battle's front or the mountain's
heighth. In this world, earthly achieve
ment can never be taken as the criter
ion of excellence.
Was This Life successful?
Was the dirinest life ever led on
this earth a success, humanly speak
ing? A certain foreign country many
years ago was much run down. Their
rulers had been weaklings and they
were trampled and oppressed by their
insolent conquerors. But with all
this, they did not despair, and when
finally one of royal blood was born
to them all their hopes centered on
him. Then would their ancient laws
be revised, their nation rule the world
and their king be king of kings. Such
was his mission in their eyes and
likewise in their eyes he failed for he
came not as conqueror, not with the
jpomp and glory and of a royal king,
but eating with the poor and lowly,
and healing the sick and lame of their
diseases. This man of royal lineage
with the world before failed in
hundred years ago
faiiure and are we
fered a shameful death upon the cross
But do we today count -that life a
entitled to pro-
nounce our fellow man humbly trying
to copy that life a failure because he
has not like some won applause and
made some little nook or corner of
the earth ring with his name?
What encouragement can we bring
to the second fiddlers, to the every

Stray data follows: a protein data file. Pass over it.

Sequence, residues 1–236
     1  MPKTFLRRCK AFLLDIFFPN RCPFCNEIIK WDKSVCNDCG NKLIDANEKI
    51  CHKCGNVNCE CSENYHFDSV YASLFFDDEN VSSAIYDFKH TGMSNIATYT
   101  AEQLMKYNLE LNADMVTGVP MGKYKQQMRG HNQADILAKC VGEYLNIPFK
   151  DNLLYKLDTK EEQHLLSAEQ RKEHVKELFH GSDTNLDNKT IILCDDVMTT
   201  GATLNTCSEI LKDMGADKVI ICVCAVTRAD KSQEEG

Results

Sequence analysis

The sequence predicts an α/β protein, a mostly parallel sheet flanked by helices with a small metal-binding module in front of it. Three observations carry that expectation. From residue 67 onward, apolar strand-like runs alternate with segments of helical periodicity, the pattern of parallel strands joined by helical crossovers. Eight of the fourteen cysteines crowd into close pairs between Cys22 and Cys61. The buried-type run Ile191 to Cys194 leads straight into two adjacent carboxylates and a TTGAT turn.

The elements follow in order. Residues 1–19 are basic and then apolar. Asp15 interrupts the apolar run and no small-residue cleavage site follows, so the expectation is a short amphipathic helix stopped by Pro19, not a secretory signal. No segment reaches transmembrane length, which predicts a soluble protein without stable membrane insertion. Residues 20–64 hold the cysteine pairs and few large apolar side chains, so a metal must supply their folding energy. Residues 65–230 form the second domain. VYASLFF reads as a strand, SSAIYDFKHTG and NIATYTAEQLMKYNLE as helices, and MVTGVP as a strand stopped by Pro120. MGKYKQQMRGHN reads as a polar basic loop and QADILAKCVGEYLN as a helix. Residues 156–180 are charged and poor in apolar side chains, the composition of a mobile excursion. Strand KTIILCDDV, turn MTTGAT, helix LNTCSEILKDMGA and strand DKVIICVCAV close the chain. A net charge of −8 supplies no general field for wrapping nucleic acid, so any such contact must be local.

day men who never shine in the world
ly firmament of applause, but never
receive the bravos of the multitude
those who are quick to crown the
victor's head but have never felt the
laure] on their own brow? We must
tell them that the world will be blind
indeed if It does not reckon among its
great, such martyrs as miss the palm
but not the --pains of martyrdom
heroes without laurels, and conquer
ors without jubilation of a triumph.
We must tell them that real worth
in the realm of en
deavor as well as achievement, that
the real triumph of life is to be meas
ured by contribution, which tfieir work
has made to their character.'"The dull
honest worker who has ififtde the
acquisition of a fine nobfllty goes
home with the finest prize.--
Only True Success.
And this is the only true success.
Often, as we reach with greedy bands
for what we falsely term success,
when at last we gTasp the object of
our desires it is but a mocking phan
tom the golden apple of our dreams,
dead sea fruit.
And, so is not some humble tiller ot
the soil, some petty humdrum clerk,
who nobly fulfills his simple duties,
greater than that man who on the road
of selfish ambition find that the high
er It ascends, the more difficult it be
comes, until at last it terminates In
some elevation too narrow for safety,
too steep for safety, too sharp for re
pose, and where the occupant above
the sympathy of man resembles In the
solitude of his sufferings Prometheus
chained to the Vauvasian rocks.
Nor must the little duties of life,
the petty round of irritating concerns
does not consist In doing what we "eauUfullye^rlssed^ Robert llitfis' HTy
like, but in liking what we do. •'stevLson ®Xpre88ed
will to labor. It is no mans busl-it0 be embittered, to keep a few